Nov. 2 (Bloomberg) -- The cost of insuring Asia-Pacific corporate and sovereign bonds from default fell, according to traders of credit-default swaps.
The Markit iTraxx Australia index slid 5 basis points to 137 basis points as of 11:08 a.m. in Sydney, according to Westpac Banking Corp. The measure is on course for its lowest close since Oct. 18, according to data provider CMA.
The Markit iTraxx Japan index fell 5 to 206 as of 9:11 a.m. in Tokyo, according to Deutsche Bank AG. The benchmark, which has ranged from 203 to 209.7 this week, is heading for its third straight weekly decline, CMA and Deutsche Bank prices show.
The Markit iTraxx Asia index of 40 investment-grade borrowers outside Japan fell 2 to 118 as of 8:09 a.m. in Hong Kong, Royal Bank of Scotland Group Plc prices show. The gauge has traded between 117.9 and 125.4 this week, according to CMA, which is owned by McGraw-Hill Cos. and compiles prices quoted by dealers in the privately negotiated market.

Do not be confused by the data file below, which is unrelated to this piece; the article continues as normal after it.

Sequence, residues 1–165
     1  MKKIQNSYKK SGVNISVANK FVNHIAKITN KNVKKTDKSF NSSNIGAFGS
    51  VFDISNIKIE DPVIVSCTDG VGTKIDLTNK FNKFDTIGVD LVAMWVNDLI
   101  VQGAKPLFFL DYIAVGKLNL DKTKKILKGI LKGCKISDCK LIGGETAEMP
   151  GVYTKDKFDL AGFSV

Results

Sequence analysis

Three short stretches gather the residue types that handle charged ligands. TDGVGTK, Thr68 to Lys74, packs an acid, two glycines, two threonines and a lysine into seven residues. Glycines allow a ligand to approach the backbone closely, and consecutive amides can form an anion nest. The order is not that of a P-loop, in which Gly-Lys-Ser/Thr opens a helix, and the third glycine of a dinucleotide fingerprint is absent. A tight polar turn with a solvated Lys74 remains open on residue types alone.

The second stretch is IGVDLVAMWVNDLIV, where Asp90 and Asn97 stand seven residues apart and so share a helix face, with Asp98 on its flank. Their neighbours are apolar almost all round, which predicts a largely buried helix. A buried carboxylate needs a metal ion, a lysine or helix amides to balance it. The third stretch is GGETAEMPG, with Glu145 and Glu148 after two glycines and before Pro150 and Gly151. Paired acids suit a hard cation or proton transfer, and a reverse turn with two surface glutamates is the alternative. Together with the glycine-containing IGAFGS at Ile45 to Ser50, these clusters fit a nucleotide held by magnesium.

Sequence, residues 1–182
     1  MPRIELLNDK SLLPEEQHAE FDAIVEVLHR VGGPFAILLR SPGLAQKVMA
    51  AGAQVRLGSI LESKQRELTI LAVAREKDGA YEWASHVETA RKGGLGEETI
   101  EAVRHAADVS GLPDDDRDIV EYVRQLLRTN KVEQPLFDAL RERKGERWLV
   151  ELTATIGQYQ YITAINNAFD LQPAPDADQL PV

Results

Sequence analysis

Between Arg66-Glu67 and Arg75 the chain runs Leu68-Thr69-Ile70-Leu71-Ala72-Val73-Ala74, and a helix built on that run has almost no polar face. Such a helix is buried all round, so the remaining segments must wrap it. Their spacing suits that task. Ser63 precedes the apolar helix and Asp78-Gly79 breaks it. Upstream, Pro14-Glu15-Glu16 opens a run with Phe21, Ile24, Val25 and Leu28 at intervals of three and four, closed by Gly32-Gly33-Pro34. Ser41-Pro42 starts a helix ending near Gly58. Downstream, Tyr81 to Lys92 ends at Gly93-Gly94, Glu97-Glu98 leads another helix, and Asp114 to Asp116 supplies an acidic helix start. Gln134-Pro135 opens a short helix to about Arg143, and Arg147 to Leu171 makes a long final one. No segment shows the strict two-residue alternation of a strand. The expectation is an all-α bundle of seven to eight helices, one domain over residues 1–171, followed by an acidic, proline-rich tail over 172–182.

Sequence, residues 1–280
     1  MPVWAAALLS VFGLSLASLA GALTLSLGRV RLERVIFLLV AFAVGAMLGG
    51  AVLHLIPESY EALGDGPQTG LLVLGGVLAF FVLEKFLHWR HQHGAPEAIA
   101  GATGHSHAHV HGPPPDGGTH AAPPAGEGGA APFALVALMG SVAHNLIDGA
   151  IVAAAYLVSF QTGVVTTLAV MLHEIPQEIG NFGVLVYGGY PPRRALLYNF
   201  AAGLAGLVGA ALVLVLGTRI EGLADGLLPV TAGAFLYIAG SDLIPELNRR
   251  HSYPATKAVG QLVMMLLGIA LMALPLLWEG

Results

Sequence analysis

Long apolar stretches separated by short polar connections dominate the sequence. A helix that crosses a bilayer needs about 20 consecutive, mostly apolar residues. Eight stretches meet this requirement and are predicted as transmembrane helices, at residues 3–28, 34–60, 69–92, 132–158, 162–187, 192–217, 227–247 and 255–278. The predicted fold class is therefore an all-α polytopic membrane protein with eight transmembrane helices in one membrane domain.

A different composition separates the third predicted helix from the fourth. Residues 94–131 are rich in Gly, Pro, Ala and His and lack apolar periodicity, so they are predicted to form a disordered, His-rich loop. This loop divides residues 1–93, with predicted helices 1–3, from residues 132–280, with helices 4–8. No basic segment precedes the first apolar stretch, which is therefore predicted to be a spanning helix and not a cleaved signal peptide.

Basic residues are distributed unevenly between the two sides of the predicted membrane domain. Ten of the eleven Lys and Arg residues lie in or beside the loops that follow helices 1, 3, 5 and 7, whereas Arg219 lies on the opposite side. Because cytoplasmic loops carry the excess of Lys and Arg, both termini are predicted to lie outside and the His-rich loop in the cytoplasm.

Credit-default swap indexes are benchmarks for protecting bonds against default and traders use them to speculate on credit quality. A drop signals improving perceptions of creditworthiness, while an increase suggests the opposite.
The swap contracts pay the buyer face value in exchange for the underlying securities if a borrower fails to meet its debt agreements.
To contact the reporter on this story: Tanya Angerer in Singapore at firstname.lastname@example.org
To contact the editor responsible for this story: Shelley Smith at email@example.com